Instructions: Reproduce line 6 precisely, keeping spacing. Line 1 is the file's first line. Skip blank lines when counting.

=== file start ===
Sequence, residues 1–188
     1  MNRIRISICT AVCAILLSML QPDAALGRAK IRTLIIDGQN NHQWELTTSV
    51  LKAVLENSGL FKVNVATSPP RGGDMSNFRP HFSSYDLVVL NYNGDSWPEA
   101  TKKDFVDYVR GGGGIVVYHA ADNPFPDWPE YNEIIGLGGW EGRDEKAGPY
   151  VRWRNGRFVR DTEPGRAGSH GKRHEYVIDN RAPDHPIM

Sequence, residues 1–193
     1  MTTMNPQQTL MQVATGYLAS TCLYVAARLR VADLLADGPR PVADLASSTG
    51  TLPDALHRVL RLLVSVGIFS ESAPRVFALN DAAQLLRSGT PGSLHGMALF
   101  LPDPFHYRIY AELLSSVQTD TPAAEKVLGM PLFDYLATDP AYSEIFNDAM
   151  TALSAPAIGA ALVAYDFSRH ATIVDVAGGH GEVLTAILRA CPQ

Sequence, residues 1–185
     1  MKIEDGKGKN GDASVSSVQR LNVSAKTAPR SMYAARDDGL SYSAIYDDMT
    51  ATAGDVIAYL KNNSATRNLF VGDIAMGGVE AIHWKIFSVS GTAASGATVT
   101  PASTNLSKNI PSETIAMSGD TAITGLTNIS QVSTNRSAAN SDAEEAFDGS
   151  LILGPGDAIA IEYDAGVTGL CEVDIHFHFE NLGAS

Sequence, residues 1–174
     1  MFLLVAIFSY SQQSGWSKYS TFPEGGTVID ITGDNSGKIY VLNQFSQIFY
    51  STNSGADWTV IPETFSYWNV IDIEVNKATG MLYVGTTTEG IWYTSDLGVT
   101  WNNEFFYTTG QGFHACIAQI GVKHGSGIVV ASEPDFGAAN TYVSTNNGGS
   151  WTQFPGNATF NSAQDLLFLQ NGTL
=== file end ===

Sequence, residues 1–193